Formula 1 CEO Chase Carey feels it has been too easy to criticise F1’s handling of the coronavirus situation, especially in hindsight.
Despite many countries banning large gatherings and sporting events, Formula 1 pressed on with the season-opening Australian Grand Prix.
Earlier this week the 2,000-strong paddock arrived in Melbourne after which one McLaren team member tested positive for the coronavirus.
McLaren immediately pulled out of the grand prix weekend, citing a “care of duty” to everyone else involved in the sport.
The following morning Formula 1 bosses, led by Carey, made the decision to cancel the Australian Grand Prix.
“I think we made the right decision as it evolved,” said the American.
“I think we feel we worked well with all of our partners to make that decision.
“Obviously we don’t control how various events evolve — specifically some of the infections and some of the illnesses.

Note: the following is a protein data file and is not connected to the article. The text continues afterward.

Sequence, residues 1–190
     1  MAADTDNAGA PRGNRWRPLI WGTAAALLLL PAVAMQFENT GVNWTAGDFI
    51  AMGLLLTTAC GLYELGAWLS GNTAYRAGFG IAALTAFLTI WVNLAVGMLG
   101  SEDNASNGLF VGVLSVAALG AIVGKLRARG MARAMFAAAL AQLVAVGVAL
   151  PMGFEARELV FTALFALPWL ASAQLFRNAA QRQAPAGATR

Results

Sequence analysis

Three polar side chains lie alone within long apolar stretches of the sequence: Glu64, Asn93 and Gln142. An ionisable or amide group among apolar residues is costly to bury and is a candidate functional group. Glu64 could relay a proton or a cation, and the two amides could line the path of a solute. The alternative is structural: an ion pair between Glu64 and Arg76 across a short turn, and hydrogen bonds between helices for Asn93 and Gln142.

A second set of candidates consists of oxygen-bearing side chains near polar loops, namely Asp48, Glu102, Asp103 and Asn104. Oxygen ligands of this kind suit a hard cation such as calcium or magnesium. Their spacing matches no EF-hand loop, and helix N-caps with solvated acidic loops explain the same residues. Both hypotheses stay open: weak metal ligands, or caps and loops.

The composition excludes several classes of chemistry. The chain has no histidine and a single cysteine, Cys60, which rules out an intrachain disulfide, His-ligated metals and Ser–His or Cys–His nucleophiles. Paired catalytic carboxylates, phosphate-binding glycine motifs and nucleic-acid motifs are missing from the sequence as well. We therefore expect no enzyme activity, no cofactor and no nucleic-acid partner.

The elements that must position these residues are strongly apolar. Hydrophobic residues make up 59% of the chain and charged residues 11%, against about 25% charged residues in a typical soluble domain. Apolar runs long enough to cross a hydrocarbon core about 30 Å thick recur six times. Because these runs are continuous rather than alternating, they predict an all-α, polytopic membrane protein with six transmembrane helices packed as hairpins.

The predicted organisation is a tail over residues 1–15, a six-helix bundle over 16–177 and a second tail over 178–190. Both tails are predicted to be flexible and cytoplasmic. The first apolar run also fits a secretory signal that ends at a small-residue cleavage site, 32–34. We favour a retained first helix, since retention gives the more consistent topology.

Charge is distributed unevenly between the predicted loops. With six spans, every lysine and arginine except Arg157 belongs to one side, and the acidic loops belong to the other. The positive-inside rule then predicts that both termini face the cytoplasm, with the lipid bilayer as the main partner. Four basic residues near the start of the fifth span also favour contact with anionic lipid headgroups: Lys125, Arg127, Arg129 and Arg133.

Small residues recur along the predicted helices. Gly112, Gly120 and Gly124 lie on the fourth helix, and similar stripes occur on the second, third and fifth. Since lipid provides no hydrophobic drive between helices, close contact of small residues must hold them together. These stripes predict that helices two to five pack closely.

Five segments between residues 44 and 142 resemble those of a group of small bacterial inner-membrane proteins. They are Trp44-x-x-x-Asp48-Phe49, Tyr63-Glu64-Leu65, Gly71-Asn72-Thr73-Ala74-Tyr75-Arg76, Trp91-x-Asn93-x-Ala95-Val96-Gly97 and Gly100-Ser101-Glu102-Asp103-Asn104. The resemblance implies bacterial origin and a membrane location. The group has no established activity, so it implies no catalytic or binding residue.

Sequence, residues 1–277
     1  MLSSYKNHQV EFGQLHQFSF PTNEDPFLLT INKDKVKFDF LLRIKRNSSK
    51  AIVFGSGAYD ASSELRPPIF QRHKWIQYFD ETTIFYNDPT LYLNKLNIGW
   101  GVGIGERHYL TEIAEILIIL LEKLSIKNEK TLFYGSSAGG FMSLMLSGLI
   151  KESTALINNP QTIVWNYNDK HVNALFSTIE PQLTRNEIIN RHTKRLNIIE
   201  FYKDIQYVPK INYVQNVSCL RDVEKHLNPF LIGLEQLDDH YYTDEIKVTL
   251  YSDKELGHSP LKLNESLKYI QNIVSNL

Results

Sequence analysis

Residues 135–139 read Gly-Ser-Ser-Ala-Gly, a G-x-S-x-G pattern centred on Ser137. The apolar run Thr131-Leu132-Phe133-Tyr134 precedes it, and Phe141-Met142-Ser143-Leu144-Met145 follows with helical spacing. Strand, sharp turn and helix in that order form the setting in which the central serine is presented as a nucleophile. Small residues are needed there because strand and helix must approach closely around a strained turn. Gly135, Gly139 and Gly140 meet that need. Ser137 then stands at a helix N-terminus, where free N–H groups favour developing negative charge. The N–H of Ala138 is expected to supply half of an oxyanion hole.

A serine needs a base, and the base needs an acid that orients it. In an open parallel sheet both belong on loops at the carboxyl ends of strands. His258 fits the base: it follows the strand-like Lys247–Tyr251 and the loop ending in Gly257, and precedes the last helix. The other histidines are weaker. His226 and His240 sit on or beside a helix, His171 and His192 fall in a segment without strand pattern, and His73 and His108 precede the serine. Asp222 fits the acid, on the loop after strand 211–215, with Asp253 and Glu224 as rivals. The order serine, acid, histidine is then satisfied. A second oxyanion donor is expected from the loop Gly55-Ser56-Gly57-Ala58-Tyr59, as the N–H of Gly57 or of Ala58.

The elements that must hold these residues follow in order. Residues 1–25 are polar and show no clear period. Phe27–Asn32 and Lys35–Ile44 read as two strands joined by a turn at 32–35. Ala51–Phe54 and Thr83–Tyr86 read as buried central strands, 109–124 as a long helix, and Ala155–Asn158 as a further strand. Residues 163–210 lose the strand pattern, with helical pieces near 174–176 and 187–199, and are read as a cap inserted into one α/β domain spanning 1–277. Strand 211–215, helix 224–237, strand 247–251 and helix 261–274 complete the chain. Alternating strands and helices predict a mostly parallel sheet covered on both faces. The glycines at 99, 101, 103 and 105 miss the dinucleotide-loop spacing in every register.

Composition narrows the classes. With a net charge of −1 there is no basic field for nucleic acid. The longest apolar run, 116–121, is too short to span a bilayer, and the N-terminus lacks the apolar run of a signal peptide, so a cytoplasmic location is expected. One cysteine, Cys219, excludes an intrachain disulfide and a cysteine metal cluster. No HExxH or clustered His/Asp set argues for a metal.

“We felt we made the right decision when we moved here.”
However, with one McLaren team personnel sick with the virus and 14 others in quarantine, Carey and F1’s handling of the matter has been called into question.
“In hindsight you’re always going to look at things differently,” he continued.
“So it’s difficult to go back and look at it moving forward.
“In many places around the world, clearly the situation in just 24–48 hours is very different than it was not that long ago.
“People were traveling through Europe and the United States; within 24 hours they are no longer traveling between those countries.
“So I think these are issues that you have to deal with in real time, make efficient, effective decisions and try and make sure you’re getting all the input and expertise you can to do the right thing.
“I think we got to the right place.”
While Carey initially stated after the Australian GP cancellation that he would not immediately call off Bahrain and Vietnam, Formula 1 has now announced that neither race will go ahead.
In fact the sport may be on hold until May’s Monaco GP.